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Effect of gradual transition from maternal to reconstituted milk on behavioural, endocrine and immune responses of lambs

By A. Sevi, F. Napolitano, D. Casamassima, G. Annicchiarico, T. Quarantelli, R. de Paola

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18-24 h after parturition, 20 Comisana lambs were separated from their dams and were subsequently offered a commercial milk substitute (Sub) or were subjected to a gradual transition from maternal to reconstituted milk over 10 days (Mix). Lambs had free access to milk for 3 h a day. A further 10 lambs remained with their dams and were suckled (control). At 21 days of age, all groups were supplemented with alfalfa hay and concentrates. In vivo cell-mediated immune response of lambs to phytoheamagglutinin percutaneous injection was evaluated at 5, 15 and 25 days of age. At 10 and 20 days of age, all lambs were subjected to 15 min isolation tests, during which latency time to move, duration of movement and number of bleats were recorded. Blood samples were collected immediately before and 15 and 60 min after the test. In addition, weight gains of all lambs and milk intakes of test lambs were recorded during the first 35 days at weekly intervals. The Sub group had a lower immune response (P<0.01) and, at 10 days of age, increased levels of plasma cortisol (P<0.001) as well as a reduced duration of movement (P<0.001) and a longer latency time to move (P<0.001) than the control and Mix groups. There were no significant differences between the control and Mix groups for immune, cortisol and behavioural responses. Mix lambs consumed more milk (P<0.006) and had higher weight gains (P<0.001) than Sub lambs. However, Mix lambs gained less weight on average (P<0.05) than controls.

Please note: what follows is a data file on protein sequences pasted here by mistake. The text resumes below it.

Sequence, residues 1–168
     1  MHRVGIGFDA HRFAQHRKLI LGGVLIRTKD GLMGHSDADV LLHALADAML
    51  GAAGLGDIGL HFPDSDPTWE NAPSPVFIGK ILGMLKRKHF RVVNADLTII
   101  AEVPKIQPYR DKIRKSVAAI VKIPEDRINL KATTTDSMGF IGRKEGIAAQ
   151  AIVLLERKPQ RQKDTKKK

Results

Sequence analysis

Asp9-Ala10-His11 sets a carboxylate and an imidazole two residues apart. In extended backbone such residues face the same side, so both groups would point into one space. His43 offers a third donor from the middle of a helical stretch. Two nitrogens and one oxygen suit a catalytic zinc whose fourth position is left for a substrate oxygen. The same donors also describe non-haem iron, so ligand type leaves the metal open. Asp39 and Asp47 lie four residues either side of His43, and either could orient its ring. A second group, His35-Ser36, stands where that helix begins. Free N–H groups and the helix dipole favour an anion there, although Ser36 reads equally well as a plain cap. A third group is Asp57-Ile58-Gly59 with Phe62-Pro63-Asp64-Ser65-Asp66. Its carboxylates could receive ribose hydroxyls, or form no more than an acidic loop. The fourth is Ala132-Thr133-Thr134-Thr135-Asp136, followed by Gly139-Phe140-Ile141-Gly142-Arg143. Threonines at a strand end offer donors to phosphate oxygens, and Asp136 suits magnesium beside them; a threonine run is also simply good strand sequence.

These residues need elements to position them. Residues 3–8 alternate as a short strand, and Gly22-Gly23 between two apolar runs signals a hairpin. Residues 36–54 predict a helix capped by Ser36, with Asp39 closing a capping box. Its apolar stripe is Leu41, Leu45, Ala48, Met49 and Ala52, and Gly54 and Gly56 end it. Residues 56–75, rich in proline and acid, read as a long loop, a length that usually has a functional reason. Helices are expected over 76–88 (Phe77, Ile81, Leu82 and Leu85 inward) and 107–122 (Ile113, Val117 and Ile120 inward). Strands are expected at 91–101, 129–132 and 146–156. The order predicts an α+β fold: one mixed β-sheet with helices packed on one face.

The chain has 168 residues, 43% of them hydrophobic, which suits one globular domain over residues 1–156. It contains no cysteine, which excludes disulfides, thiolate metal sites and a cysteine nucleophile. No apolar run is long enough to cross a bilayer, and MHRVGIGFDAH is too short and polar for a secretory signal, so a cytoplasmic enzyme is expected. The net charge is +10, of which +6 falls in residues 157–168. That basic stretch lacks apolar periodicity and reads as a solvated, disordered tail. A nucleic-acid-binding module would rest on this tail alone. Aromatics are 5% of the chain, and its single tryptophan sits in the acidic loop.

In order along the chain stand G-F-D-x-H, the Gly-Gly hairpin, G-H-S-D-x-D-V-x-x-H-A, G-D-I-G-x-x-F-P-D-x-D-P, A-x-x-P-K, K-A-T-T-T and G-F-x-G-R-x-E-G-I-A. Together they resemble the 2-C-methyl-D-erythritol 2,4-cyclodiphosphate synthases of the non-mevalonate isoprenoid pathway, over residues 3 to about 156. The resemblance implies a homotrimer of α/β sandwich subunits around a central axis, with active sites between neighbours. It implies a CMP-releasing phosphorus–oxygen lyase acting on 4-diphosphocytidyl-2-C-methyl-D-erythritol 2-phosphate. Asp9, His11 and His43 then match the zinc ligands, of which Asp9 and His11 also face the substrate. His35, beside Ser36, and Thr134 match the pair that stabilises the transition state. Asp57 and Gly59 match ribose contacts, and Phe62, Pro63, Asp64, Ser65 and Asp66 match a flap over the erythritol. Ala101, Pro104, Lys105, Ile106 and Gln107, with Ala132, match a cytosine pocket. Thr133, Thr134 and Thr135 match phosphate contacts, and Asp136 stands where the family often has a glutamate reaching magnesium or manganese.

Date 1999
Publication Title Applied Animal Behaviour Science
Volume 64
Issue 4
Pages 249-259
ISBN/ISSN 0168-1591
DOI 10.1016/S0168-1591(99)00042-8
Language English
Author Address Istituto di Produzioni e Preparazioni Alimentari, Universita di Bari, via Napoli, 25, 71100 Foggia, Italy.
Cite this work

Researchers should cite this work as follows:

  1. Animal behavior
  2. Animal husbandry
  3. Animal nutrition
  4. Artificial rearing
  5. Behavior and behavior mechanisms
  6. Cells
  7. Cortisol
  8. Dairy animals
  9. Hand rearing
  10. Hydrocortisone
  11. Immune response
  12. Immunity reactions
  13. Immunological reactions
  14. Lambs
  15. Mammals
  16. Milk and dairy products
  17. milk substitutes
  18. peer-reviewed
  19. Resistance and Immunity
  20. Ruminants
  21. Sheep
  22. Stress
  1. peer-reviewed